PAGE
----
#ThrowbackThursday: Reading the news from 150 years ago

#ThrowbackThursday: Reading the news from 150 years ago


On March 21, 1867, the original precursor to the Record-Journal, The Meriden Weekly Visitor, began publishing – starting a news tradition that has continued for 150 years.

Browsing through the front page of that first edition of The Meriden Weekly Visitor is quite a different experience than looking at a modern newspaper. Headline text grew tremendously in size over time. Modern readers can see the top news at a glance from a paper on the newsstand.

In 1867, the headlines appear a little larger than the normal text of a story, which was also quite a bit smaller than today. Instead of parts of three or four main stories, the 1867 front page contains a few news briefs and a few stories in their entirety. It does not have any photographs.

Edition No. 1 starts with a brief introducing the publication, saying it publishes every Thursday morning in West Meriden, followed by information on advertising and then, a poem. A crease in a framed copy at the Record-Journal office cuts off part of the left column, but the poem has something to do with spring flowers.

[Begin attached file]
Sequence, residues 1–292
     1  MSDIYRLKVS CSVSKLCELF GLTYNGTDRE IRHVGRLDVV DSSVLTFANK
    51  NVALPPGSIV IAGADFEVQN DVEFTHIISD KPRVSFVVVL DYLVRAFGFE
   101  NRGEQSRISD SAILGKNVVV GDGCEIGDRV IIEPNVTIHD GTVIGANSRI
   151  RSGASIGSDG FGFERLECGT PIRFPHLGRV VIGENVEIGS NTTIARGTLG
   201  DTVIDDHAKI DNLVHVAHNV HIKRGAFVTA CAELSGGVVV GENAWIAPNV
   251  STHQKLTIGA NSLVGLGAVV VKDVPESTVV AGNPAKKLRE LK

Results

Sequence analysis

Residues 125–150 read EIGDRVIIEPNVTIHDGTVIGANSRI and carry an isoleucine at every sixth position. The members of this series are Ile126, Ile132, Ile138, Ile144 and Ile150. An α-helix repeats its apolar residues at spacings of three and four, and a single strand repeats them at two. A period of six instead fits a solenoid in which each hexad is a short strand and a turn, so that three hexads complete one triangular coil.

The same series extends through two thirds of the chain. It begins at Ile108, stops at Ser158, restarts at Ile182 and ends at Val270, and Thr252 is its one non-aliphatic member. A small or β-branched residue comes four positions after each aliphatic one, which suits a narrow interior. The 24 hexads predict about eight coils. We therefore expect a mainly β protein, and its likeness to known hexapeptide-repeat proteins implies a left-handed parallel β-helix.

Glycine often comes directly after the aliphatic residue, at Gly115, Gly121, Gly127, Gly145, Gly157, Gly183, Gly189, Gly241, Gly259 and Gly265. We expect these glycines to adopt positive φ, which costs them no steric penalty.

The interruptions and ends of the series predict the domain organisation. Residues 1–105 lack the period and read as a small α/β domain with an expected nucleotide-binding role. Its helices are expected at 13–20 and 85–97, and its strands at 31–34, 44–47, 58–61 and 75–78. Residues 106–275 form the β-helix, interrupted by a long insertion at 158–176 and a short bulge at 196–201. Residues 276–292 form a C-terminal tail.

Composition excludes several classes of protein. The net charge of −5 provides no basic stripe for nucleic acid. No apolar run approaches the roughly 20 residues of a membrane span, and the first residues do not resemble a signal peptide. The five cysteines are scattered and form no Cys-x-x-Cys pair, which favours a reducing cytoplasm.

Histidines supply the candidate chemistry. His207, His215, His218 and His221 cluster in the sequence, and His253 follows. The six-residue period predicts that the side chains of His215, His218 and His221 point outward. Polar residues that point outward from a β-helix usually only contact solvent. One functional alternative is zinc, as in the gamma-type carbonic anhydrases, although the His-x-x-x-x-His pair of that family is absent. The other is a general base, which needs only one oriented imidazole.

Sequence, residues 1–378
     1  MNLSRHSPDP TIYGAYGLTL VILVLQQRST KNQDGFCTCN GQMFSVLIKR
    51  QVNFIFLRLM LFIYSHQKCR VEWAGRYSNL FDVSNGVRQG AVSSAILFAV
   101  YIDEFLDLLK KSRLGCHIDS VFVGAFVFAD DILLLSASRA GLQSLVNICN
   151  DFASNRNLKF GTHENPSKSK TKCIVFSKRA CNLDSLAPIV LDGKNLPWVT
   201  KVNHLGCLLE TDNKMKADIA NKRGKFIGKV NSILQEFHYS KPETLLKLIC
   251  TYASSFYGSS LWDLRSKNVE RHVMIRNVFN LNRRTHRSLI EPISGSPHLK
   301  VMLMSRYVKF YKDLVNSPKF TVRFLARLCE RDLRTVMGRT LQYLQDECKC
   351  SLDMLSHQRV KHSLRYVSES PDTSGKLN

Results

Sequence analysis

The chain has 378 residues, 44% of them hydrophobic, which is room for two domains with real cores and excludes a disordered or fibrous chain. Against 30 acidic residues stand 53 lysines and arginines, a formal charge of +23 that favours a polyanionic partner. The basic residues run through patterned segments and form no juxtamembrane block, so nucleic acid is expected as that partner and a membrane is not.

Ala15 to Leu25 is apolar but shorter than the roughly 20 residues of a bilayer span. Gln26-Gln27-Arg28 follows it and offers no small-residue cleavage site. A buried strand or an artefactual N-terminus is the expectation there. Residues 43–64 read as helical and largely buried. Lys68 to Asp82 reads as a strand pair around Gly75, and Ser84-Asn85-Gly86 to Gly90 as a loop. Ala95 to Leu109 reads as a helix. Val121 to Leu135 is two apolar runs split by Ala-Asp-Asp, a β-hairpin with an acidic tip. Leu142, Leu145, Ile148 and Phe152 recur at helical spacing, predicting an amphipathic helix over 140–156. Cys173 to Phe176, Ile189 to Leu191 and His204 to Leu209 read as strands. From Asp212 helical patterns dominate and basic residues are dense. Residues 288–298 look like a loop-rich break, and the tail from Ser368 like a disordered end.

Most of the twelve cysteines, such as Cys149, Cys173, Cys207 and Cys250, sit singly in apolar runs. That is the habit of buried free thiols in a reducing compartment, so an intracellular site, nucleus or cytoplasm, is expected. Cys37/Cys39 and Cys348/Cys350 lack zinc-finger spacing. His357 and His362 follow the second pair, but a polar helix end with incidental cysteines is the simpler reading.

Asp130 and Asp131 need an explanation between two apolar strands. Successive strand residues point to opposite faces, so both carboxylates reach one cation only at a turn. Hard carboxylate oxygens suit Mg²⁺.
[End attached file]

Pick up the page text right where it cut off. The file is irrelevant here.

The paper includes a letter written by “a wealthy and influential Hartford gentleman, who has for more than two months been traveling in the southern states and on the island of Cuba.”

The gentleman didn’t seem fond of Cuba, citing the class differences between Spanish settlers and the native Cubans.

Another front page story addressed “The Trouble in Ireland and its Remedy.” Another pondered the idea of time zones, saying that a day is actually 48 hours long.

“We mean that during the whole of forty-eight hours Monday is on the earth somewhere to be found.”

The other main story in the paper covered the New Britain-Aetna Works company’s building dedication and ball. A former Meriden company, new owners had moved it to a newly constructed building in New Britain.

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